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I'm Not a Doctor

A second opinion on the challenges and opportunities facing today's physicians.
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By Andis Robeznieks

Ohio docs group looks to keep the health reform debate rolling

Stating that "Ohio is a battleground state and healthcare is a battleground issue" in the upcoming presidential election, the president of the Ohio State Medical Association said his organization is pushing to have President Barack Obama and his presumptive Republican challenger, Mitt Romney, hold a debate on healthcare issues in Ohio.

"We challenge them to have a debate just on healthcare, and we'd be happy to help organize it in the state of Ohio," said Dr. Deepak Kumar, president of the OSMA.

For Kumar, a Dayton-based colon and rectal surgeon, the healthcare reform fight is not over despite the U.S. Supreme Court ruling to uphold the Patient Protection and Affordable Care Act.

"The president had a great opportunity to make a real great change in healthcare, but he fumbled it," Kumar said. "Now we are going to have to spend time and resources to fix it."

The Ohio physicians group says it likes the law's focus on prevention and wellness, doesn't like that it doesn't include a replacement for the sustainable growth-rate formula for Medicare payment and believes that there must be better ways to provide access than to rely on "underfunded and overstressed public programs" such as Medicaid.

Kumar said his organization opposed the law because it had more negative than positive aspects.

"That was our position from day one," said Kumar, a Dayton-based colon and rectal surgeon. "Our position is essentially the same."

Kumar said problems with the law also include that it lacks comprehensive tort reform, and he said the OSMA is also looking to repeal the section of the law that established the Independent Payment Advisory Board cost-control panel.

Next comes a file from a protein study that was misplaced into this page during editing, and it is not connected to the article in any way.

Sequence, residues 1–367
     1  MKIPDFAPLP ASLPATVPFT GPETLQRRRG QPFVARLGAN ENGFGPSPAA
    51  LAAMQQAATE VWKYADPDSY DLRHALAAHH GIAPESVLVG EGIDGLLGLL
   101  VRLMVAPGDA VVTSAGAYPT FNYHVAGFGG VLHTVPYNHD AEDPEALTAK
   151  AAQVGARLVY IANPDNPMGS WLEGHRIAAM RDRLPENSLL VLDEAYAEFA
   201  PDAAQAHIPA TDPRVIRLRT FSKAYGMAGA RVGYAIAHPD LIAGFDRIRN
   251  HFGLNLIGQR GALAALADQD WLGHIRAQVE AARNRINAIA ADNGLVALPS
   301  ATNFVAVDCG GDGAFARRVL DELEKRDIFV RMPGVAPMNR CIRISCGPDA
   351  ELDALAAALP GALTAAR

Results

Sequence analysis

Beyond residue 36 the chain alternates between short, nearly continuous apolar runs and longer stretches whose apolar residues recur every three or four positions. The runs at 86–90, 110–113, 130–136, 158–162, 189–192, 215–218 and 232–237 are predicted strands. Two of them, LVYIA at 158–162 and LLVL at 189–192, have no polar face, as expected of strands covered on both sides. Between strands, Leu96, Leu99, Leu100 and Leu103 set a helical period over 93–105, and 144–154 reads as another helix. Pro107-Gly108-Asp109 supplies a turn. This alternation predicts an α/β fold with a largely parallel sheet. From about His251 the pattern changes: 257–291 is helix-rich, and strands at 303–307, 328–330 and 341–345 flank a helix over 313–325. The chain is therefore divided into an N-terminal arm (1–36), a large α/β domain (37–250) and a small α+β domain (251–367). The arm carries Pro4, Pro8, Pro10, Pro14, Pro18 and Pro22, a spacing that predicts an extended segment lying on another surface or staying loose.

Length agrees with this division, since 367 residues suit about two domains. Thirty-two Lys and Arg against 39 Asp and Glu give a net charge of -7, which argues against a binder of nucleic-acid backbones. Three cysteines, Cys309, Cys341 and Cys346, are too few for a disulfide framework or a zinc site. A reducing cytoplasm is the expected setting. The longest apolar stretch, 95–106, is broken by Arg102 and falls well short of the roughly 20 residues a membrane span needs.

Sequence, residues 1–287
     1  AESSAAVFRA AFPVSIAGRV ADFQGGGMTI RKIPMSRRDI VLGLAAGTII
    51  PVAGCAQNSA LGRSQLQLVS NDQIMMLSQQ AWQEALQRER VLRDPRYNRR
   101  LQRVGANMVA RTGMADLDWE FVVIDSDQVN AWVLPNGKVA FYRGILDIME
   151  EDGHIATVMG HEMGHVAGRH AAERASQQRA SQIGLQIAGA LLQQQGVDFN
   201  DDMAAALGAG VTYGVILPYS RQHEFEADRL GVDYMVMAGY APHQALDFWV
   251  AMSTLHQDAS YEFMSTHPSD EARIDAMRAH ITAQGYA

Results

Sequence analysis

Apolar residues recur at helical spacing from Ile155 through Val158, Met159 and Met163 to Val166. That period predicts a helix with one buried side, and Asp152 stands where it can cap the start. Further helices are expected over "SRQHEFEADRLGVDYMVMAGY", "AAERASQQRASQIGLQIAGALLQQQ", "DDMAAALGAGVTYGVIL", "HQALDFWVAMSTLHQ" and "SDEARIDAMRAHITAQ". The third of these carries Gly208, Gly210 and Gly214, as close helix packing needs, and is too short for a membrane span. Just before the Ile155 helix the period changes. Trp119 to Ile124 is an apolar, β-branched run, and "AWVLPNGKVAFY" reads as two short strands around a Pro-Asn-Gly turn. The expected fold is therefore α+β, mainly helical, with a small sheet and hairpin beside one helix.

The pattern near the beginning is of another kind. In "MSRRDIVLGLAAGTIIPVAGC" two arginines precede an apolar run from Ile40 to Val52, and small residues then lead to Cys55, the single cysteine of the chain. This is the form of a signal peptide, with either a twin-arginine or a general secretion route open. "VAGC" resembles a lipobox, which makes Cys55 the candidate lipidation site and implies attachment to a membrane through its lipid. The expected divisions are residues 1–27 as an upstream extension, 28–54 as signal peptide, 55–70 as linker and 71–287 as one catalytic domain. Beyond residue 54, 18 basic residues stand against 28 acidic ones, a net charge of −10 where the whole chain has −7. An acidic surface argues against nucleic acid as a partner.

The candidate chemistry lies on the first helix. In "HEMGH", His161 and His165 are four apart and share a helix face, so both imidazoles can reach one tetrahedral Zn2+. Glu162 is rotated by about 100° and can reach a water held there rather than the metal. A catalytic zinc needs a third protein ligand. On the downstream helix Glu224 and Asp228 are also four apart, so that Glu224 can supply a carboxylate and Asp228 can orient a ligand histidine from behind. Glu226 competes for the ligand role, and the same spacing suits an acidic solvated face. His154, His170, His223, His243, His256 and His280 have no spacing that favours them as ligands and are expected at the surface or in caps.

If physicians are held liable for an individual's heath, Kumar said, patients should be subject to some type of individual-responsibility provision that would penalize them if they fail to act in the best interests of their health. For example, if a patient refuses to take advantage of free or discounted preventive medicine or wellness services, Kumar said, he or she should face higher copayments or the loss of some benefits.

Kumar added that although he welcomes provisions for higher Medicaid payments and expansion of eligibility, he's concerned about the program's viability. "You can't put a second story on a house where the first story is crumbling," he said.

Kumar described Medicaid payment rates as "pitiful" and noted that they don't cover the cost of providing care.

"If I had to rely on Medicaid, I could not stay afloat," he said.

He added: "I think everyone should have access to care; I think everyone should have insurance." But, he said, "the insurance market is going to be all topsy-turvy."

Kumar predicts the final healthcare-reform document will have little resemblance to what is in place now as the battle continues to replace the SGR, repeal the IPAB, institute tort reform and find new ways to increase coverage.

Follow Andis Robeznieks on Twitter: @MHARobeznieks.

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